Actionable strategies for improving equity, inclusion, and justice when teaching chemistry

Date: February 20, 2024 12:00 pm (ET)


  • Dr. Alicia McGhee
    Reed College
  • Maria Matlinska
  • Dr. Vincent Ziffle
    First Nations University of Canada
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This panel discussion will explore actionable strategies for fostering equity, inclusion, and justice in chemistry education. Our experts will share insights, challenges, and successes related to their teaching efforts to improve equity and inclusion in chemistry. This will be an interactive session; audience members will have opportunities to pose questions to and discuss with panelists. The session will be recorded for those who cannot attend live.


Dr. Alicia McGhee, Reed College

Bio: Alicia McGhee is an organic chemist who studies reaction development and chemical education at Reed College in Portland, Oregon. Alicia joined the department in 2015 and teaches introductory and advanced organic chemistry. Her research interests include the development of safer chemical reagents and implementing processes that reduce the use of toxic compounds and/or the generation of chemical waste. In the classroom, she is interested in implementing active learning strategies and incorporating societal themes such as social justice, the life cycle of chemicals in the environment, and information literacy. Before Reed, she studied organic chemistry methodology, organometallic catalysis, and natural products synthesis at the University of East Anglia (M.S.) and the University of Washington (Ph.D.).


Maria Matlinska, unaffiliated

Bio: Maria is a materials chemist, NMR spectroscopist, and accessibility advocate. She has graduated with a master’s in science degree from the University of Alberta’s Chemistry Department.

Since her early undergraduate research years, Maria has been passionate about the applications of techniques offered by solid-state NMR to study a wide variety of substances, including metal-organic frameworks (MOFs), polymorphs of natural products, and the characterization of hydrogen bonding in the solid state.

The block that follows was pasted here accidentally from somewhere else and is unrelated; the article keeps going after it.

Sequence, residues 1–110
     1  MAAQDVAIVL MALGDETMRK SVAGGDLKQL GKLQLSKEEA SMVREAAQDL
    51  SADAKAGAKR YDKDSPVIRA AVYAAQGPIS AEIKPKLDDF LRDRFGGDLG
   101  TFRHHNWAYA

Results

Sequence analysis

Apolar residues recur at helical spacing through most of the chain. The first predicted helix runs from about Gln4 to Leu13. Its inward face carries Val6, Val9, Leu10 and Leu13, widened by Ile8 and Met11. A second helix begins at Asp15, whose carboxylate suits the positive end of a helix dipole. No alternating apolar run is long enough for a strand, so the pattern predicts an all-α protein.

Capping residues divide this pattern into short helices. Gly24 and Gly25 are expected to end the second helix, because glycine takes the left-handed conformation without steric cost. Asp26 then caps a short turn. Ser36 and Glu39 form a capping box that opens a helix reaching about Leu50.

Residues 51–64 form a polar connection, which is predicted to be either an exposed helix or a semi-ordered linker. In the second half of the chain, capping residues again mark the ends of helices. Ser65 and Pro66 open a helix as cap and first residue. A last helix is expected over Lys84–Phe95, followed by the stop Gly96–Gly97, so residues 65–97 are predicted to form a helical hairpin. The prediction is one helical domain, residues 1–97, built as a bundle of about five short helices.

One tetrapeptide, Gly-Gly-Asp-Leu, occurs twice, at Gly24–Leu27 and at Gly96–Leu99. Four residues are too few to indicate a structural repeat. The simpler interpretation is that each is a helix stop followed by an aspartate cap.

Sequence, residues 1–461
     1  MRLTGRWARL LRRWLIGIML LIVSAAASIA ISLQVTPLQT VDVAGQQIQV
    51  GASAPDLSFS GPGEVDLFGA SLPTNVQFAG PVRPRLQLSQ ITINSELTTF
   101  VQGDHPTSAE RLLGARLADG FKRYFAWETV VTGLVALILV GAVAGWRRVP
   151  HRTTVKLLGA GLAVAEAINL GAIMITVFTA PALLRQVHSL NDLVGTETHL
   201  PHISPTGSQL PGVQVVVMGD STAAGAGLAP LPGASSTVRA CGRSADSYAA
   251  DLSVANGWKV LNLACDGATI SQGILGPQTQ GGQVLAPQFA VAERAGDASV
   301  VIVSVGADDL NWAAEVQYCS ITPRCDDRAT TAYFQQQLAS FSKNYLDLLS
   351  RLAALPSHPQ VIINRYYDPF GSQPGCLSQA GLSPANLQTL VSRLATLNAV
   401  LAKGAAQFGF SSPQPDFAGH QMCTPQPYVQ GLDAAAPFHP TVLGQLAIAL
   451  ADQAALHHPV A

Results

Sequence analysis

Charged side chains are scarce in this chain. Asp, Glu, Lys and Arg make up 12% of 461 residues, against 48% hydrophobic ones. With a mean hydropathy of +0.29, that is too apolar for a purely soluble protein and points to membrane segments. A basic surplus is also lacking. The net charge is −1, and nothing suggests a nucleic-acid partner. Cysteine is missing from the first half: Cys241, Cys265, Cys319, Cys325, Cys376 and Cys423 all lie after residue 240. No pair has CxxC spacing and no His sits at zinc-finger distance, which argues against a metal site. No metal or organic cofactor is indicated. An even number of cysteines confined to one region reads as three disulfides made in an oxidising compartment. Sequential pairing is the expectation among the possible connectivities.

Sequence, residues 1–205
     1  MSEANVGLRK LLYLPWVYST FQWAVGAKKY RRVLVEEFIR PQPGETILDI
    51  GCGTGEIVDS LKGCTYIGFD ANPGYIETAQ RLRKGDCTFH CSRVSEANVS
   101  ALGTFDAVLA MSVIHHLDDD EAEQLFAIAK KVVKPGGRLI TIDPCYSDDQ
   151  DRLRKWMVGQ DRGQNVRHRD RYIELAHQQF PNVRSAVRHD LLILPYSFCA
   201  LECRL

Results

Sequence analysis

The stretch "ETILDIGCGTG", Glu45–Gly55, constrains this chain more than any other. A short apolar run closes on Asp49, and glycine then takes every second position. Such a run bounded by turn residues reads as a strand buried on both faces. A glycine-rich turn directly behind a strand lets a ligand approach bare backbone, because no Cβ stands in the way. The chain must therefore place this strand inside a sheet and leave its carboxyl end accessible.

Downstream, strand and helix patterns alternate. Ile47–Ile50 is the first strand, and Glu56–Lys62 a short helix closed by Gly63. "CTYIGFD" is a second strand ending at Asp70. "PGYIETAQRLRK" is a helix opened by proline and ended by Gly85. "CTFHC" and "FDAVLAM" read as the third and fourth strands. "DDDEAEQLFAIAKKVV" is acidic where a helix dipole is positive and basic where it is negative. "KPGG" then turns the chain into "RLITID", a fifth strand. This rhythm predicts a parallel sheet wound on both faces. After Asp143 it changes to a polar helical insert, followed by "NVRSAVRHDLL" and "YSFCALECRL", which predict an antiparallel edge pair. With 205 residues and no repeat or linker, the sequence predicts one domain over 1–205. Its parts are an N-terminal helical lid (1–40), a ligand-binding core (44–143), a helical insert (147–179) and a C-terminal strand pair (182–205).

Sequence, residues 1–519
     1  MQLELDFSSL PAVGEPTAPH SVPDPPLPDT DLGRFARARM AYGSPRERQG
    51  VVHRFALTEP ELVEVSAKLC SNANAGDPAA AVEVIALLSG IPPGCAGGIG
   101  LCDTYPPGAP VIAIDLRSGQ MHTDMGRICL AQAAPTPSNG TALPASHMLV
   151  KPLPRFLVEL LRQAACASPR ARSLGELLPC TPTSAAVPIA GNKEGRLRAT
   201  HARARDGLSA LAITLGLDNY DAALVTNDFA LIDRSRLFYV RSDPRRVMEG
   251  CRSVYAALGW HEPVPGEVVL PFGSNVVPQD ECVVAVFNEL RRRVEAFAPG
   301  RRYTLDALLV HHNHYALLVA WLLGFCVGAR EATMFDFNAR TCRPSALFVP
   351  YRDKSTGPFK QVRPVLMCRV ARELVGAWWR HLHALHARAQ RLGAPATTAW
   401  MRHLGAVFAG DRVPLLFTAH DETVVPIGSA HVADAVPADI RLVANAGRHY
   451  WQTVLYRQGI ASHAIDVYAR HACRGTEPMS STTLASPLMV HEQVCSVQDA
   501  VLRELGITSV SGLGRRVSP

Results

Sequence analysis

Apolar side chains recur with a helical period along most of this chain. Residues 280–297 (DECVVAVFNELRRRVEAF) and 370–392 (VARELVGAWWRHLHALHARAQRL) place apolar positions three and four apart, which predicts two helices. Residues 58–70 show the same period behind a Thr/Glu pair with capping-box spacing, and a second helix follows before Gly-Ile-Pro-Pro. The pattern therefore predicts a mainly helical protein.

Maria is a member of the Canadian Society for Chemistry WIDE (Working for Inclusion, Diversity and Equity) committee and leads the Ableism Fighters subcommittee, addressing accessibility challenges faced by scientists with disabilities. She promotes the use of the term “diverse-ability spectrum” instead of “disability”. Her personal experience as a chemist on the diverse-ability spectrum made her reflect on the inaccessibility of STEM and its innate discriminatory nature she’d like to help change. Now, she is a chemistry sessional instructor at one of Edmonton’s universities, where she tries to incorporate the EDI education component as a part of her introductory and advanced chemistry courses. Maria is always looking for new and exciting research and teaching opportunities.

Visual description: Maria is a white, cis woman in her twenties with short brown hair, wearing tinted glasses.

Vincent Ziffle

Dr. Vincent Ziffle, First Nations University of Canada

Bio: Dr. Vincent Ziffle (he/him) is an Associate Professor of Chemistry at First Nations University of Canada (FNUniv), in Regina, Saskatchewan. He has been teaching there since 2010. His research interests include Traditional Knowledge and Indigenous Science, uses and chemistry of Medicinal Plants of the Boreal Shield and Central Plains, organic chemistry of plant secondary metabolites, Indigenous Fine Art technologies, and food chemistry. He works toward the elucidation of medicinal plant compounds with noteworthy medicinal properties, and the treatment of nefarious biofilm infections via Traditional methods. Dr. Ziffle has also developed CHEM 101: Chemistry of Food and Cooking, which incorporates food chemistry, plant medicine and Indigenous Food Traditions, and unique food labs where students learn from Traditional Knowledge Keepers about Indigenous Food pathways, sovereignty, and sustainability. He is a promoter of all things STEM and is a proponent of STEAM – capital “A” for arts, design, and Indigenous Culture – via Let’s Talk Science and FNUniv’s Indigenous Outreach team of student mentors and educators.